Bill Cosby was the class act of the evening, the gentleman's comic. Sitting center stage on a folding chair, 64-year-old Cos stuck to anecdotal humor about his impoverished childhood. "We had a TV," he said, reminiscing about the days before cable. "I was the remote. Rabbit ears took 10 years off my life."
Conspicuously nice, Cosby did tell one "black" joke about Ray Charles concerning blindness. He recalled going to see in a Vegas hotel room in which the lights were out. Charles didn't know and didn't care until Cosby said something. Then the musician responded: "Why don't you turn on the lights?" Like most of Cosby's stuff, the beauty is in the telling not the punchlines. But it was great to see a master at work.
Page Six in the New York Post did pick up a story from this column about Yoko Ono not inviting the former Beatles and Julian Lennon to the TNT tribute last week. Today Ono refutes the item and says they declined her offer.
Maybe that would seem plausible if there had been even the slightest reference to any of the above during that two hour charade. But I can tell you the feeling in Radio City Music Hall as thing progressed was palpably anti-Beatles. And Ono's answer to Page Six indicated that she'd received a letter only from Ringo Starr, and not from the other Beatles.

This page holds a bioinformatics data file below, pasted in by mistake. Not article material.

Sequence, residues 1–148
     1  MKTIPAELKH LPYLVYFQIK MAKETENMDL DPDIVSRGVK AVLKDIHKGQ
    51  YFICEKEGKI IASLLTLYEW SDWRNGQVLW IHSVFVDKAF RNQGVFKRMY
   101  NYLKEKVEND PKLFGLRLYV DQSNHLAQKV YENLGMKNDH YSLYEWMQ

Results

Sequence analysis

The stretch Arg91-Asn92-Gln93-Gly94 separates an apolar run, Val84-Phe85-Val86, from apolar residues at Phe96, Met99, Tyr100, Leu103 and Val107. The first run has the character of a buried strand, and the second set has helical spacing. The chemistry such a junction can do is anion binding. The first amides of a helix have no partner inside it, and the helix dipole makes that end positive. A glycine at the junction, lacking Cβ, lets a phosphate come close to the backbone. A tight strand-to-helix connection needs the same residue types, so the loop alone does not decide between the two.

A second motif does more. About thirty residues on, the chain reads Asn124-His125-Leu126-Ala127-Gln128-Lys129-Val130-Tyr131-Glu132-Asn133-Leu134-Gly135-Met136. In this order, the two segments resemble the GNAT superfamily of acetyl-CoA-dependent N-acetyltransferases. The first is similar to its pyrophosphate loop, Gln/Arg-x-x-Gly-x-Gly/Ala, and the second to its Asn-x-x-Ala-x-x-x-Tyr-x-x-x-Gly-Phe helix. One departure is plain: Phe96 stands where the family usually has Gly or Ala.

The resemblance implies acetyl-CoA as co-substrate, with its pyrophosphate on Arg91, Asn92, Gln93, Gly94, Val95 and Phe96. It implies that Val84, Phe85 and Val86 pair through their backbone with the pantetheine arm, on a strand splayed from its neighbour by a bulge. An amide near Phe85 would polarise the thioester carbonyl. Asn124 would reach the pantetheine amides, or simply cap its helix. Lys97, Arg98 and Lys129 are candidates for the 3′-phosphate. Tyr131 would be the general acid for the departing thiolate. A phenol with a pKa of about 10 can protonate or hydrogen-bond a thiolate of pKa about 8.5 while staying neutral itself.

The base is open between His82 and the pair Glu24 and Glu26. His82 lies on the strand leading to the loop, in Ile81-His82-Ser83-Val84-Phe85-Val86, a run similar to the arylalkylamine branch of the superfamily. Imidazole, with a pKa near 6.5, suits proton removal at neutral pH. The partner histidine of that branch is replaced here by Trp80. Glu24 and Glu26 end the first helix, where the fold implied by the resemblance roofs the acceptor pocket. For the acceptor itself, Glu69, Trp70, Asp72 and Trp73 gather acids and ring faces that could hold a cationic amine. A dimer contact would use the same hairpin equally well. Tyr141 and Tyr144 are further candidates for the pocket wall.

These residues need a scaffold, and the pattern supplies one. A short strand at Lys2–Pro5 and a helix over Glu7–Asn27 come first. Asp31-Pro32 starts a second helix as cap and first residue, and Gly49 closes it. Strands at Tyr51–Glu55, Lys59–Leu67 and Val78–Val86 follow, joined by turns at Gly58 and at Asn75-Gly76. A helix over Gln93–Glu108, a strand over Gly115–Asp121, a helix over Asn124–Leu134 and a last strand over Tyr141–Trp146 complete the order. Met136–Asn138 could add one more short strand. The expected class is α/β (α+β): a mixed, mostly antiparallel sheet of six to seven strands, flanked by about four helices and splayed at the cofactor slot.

Yoko told Page Six: "Ringo sent a sweet letter to me explaining how it conflicted with the schedule of his concert tour . . .”
But according to pollstar.org and Ringo's own Web site, his summer tour ended on September 2 in San Diego.
Mariah Carey's movie Glitter will most likely end its wide run in theatres this Friday. Today's box office report will show a total take of less than $5 million. The wonderfully bad tour de force is down to playing in just one theater in all of Manhattan. Fear not for Mariah, she will go on as a hit singer. And one day the true story of how Carey was undermined by outside forces may yet surface... Meanwhile, Kevin Costner announces today a change of talent agencies. He's left J.J. Harris, the agent who made his career pre-Dances with Wolves and then tried to salvage it with Thirteen Days for Creative Artists Agency. CAA will do the best they can, as I'm sure Harris did, too. But Costner's worst enemy is himself. Once perceived as a gifted actor, he became a pariah through bad personal choices. What Costner needs is an image makeover and some good advice about scripts. A comeback is still possible.